Correlative light-lectron microscopy (CLEM) combines the high spatial resolution of transmission electron microscopy (TEM) with the capability of fluorescence light microscopy (FLM) to locate rare or transient cellular events within a large field of view. CLEM is etherefore a powerful technique to study cellular processes. Aligning images derived from both imaging modalities is a prerequisite to correlate the two microscopy data sets, and poor alignment can limit interpretability of the data. Here, we describe how uranyl acetate, a commonly-used contrast agent for TEM, can be induced to fluoresce brightly at cryogenic temperatures (−195°C) and imaged by cryoFLM using standard filter sets.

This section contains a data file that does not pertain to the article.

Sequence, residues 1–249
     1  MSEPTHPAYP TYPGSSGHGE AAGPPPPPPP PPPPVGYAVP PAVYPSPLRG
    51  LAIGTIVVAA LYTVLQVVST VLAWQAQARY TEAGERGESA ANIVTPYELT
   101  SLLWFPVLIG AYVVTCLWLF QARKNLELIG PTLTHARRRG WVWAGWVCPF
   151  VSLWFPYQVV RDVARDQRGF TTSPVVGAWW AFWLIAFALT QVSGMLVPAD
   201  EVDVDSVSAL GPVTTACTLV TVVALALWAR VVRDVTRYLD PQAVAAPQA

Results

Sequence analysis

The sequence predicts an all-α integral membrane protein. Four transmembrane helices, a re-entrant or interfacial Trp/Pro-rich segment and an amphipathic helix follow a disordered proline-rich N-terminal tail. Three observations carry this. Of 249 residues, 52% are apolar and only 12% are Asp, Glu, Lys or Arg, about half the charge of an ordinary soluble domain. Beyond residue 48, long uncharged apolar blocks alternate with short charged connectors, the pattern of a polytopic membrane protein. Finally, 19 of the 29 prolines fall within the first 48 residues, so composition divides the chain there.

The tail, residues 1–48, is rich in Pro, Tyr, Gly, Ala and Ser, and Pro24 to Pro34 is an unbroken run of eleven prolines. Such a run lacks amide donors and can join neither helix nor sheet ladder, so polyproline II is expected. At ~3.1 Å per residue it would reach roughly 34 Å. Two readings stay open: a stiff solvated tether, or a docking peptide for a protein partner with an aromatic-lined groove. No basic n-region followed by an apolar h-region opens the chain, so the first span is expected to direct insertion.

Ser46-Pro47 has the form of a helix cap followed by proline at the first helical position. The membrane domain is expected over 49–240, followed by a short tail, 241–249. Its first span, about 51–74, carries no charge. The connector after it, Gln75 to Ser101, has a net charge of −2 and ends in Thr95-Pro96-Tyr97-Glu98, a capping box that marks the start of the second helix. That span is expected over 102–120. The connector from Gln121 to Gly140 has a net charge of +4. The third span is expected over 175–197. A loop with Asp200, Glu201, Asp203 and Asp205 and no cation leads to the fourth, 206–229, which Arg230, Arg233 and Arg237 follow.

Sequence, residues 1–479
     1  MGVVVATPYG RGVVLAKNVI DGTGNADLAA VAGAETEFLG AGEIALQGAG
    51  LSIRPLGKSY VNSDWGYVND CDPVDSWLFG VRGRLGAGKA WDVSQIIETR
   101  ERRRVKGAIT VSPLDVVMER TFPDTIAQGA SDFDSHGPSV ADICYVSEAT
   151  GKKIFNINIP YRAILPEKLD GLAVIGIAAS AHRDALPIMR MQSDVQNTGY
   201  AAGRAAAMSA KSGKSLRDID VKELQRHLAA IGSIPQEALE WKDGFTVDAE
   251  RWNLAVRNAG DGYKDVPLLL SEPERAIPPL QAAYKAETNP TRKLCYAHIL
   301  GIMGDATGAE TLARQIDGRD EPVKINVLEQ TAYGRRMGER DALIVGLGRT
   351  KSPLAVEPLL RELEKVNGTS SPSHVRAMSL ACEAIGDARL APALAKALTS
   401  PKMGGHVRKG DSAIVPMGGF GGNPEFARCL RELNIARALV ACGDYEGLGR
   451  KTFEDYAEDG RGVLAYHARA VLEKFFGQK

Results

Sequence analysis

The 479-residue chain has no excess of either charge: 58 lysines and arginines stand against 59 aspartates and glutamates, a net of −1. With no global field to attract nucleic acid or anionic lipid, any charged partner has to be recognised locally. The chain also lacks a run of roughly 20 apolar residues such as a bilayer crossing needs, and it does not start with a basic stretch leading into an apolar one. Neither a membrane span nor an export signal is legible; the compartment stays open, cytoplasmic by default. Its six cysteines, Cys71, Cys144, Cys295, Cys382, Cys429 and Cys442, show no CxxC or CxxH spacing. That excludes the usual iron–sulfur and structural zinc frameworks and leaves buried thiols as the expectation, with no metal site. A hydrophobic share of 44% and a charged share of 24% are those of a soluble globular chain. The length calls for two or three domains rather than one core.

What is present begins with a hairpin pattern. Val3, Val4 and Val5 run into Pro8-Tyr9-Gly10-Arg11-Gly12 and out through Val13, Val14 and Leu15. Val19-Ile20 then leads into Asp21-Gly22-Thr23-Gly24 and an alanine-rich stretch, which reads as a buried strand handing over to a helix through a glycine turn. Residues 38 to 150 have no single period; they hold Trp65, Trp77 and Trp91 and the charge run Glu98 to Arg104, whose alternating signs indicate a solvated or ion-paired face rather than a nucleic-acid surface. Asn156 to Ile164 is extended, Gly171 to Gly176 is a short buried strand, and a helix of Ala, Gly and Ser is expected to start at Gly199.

Tuijtel, M.W., Mulder, A.A., Posthuma, C.C., van der Hoeven, B., Koster, A.J., Barcena, M., Faas, F.G.A. and Sharp, T.H., "Inducing Fluorescence of Uranyl Acetate as a Dual-Purpose Contrast Agent for Correlative Light-Electron Microscopy with Nanometre Precision" (2017) Sci Rep, 7, 1, 10442.